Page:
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Flashcards in More about radiation Deck (10):

α radiation consists of:

Positively charged particles. Composed of 2 protons and 2 neutrons.


β radiation from naturally occuring radiation consists of:

Fast moving electrons.


γ consists of:

Photons with a wavelength of the order of 10-11.


What is intensity

The radiation energy per second normally through a unit area.


For a source emitting n photons per second the intensity =

Radiation energy per second/total area = nhf/4πr2


Alpha decay

  • Αlpha emitters tend to be heavier isotopes 
  • Alpha particle is stable within nucleus, does not always escape first time 
  • A reduces by 4, Z reduces by 2 
  • The greater the alpha particles energy, the shorter the half-life of the isotope


Positron emission (β+) decay 

  • In a proton rich nucleus
  • A proton becomes a neutron .
  • A does not change 
  • Z reduces by 1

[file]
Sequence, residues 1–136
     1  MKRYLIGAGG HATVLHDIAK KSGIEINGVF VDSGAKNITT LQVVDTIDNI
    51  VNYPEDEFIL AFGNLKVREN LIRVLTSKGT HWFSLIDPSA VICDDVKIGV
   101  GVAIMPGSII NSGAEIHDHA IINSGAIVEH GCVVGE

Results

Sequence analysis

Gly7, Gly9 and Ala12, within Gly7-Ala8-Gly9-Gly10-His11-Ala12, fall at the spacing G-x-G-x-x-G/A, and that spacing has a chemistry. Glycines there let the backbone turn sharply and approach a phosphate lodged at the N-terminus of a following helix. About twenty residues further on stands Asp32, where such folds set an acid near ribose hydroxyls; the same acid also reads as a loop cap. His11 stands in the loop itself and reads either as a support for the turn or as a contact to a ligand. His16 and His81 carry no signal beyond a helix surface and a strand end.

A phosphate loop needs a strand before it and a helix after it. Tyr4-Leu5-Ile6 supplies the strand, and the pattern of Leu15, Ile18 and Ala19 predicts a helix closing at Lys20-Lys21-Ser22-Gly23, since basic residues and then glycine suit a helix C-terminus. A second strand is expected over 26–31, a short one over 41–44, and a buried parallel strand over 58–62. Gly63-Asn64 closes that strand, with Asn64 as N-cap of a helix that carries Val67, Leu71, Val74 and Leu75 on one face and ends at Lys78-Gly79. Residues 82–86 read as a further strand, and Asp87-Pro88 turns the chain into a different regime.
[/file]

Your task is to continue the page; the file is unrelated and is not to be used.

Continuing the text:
Beta (β−) decay 

  • In a neutron rich nucleus
  • A neutron becomes a proton.
  • A does not change 
  • Z increases by 1


Electron capture 

  • A proton rich nuclei captures an inner-shell electron.
  • Proton changes into a nuetron with the emission of an electron neutrino
  • Daughter nuclide/nucleus/atom may be excited 
  • Orbiting electron drops down to fill vacancy left by captured electron 
  • X-ray photon emitted by the atom


Gamma emission

There is no change in the number of protons and neutrons during gamma emission.

A photon is emitted if a nucleus has excess energy after alpha or beta decay.